RIP Clive Wren of Convair fame

| 13 Nov 2013

Clive Wren, who has died aged 78, was one the brothers behind the small production manufacturer Convair in the 1950s.

With brother Terry, Clive was one of many to see the potential of new glassfibre technology and they set up business in their father's east London workshop in 1955.

Their Convair bodies were well received and soon Clive expanded into suspension upgrades and chassis modifications for the popular Ford chassis.

A number of clients commissioned bespoke chassis, which eventually led to Clive designing the Convair Chassis and the S-Type chassis.

The original racing car bodies mainly ended up in the hands of club racers and visiting US servicemen so Clive designed a harder wearing sports car body called the Excell in the hope of widening Convair’s appeal.

Some clients were not satisfied, though, and wanted a GT shell so they could enter the popular GT class of events. Clive responded by grafting an aerodynamic rear end on to the original racing car body thus creating the Convair GT.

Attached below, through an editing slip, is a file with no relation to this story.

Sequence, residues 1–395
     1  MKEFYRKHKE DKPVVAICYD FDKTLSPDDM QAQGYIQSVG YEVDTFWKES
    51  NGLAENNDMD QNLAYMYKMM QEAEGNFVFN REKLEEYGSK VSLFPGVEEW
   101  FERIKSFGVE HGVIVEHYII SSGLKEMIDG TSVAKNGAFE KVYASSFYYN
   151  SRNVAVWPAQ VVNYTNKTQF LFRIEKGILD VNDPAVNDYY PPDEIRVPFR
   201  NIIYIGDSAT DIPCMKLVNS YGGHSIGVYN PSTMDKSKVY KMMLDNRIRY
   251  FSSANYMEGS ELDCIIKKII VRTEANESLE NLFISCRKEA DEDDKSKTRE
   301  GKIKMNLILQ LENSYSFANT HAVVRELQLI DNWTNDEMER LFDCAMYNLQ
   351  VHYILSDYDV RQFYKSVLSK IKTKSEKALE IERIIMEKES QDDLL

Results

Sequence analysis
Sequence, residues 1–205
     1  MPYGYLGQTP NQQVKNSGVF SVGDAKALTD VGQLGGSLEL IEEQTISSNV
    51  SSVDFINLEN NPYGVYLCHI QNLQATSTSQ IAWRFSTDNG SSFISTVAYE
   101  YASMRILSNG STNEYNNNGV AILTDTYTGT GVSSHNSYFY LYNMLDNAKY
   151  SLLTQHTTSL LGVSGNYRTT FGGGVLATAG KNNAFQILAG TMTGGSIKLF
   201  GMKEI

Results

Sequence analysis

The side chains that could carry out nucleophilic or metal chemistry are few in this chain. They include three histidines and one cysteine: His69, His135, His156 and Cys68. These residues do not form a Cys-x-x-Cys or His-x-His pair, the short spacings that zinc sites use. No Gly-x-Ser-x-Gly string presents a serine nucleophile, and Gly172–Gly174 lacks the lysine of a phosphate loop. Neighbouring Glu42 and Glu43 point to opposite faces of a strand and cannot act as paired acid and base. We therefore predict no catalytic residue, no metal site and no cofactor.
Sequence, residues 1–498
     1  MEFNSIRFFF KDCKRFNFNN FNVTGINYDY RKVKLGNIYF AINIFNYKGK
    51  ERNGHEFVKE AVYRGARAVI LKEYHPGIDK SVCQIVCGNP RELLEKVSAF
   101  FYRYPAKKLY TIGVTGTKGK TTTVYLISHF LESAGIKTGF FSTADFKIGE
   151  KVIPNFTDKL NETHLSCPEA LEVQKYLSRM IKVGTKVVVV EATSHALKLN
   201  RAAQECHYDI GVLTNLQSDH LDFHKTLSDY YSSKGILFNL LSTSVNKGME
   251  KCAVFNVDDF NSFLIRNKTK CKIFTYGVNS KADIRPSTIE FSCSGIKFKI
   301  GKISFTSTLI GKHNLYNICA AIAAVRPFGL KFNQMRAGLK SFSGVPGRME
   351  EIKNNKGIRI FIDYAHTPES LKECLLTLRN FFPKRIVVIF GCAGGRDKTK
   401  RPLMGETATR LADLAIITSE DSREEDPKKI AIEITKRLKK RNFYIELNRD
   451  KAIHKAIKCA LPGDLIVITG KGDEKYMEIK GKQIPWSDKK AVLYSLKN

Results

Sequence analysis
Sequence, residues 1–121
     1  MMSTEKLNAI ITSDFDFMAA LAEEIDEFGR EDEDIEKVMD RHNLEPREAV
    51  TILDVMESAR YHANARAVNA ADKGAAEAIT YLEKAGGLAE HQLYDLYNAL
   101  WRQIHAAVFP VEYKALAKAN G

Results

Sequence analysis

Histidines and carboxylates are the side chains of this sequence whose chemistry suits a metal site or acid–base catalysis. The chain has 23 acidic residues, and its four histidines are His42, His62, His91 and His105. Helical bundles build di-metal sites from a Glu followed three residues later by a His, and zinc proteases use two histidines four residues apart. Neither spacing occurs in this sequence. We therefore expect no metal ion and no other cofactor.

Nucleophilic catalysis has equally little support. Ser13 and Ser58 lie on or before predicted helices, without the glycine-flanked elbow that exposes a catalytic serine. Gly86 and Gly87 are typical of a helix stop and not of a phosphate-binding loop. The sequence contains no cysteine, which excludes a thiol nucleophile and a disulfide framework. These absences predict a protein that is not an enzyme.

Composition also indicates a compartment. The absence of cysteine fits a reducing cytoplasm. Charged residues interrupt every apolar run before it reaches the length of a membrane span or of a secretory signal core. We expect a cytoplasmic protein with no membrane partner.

The arrival of the Austin-Healey Sprite caused the brothers to rethink their ideas as they realised they could not compete with a mainstream manufacturer.

The brothers split the company into TWM (Terry Wren Motors) and Nordec taking a set of moulds each. Finally in 1962, they decided enough was enough and wound the business up altogether.

Terry was a keen club racer and had one of his Excells highly tuned and had some success with it. He also owned and raced a Cooper T45. Clive bought a Kieft 500cc racing car but after a few short test runs decided he was a far better engineer than driver and sold it on. 

In all they built about 70 racing car shells, 30 Excells and 6 Convair GTs, three of which still exist. One is in the Haynes International Motor Museum at Sparkford in Somerset.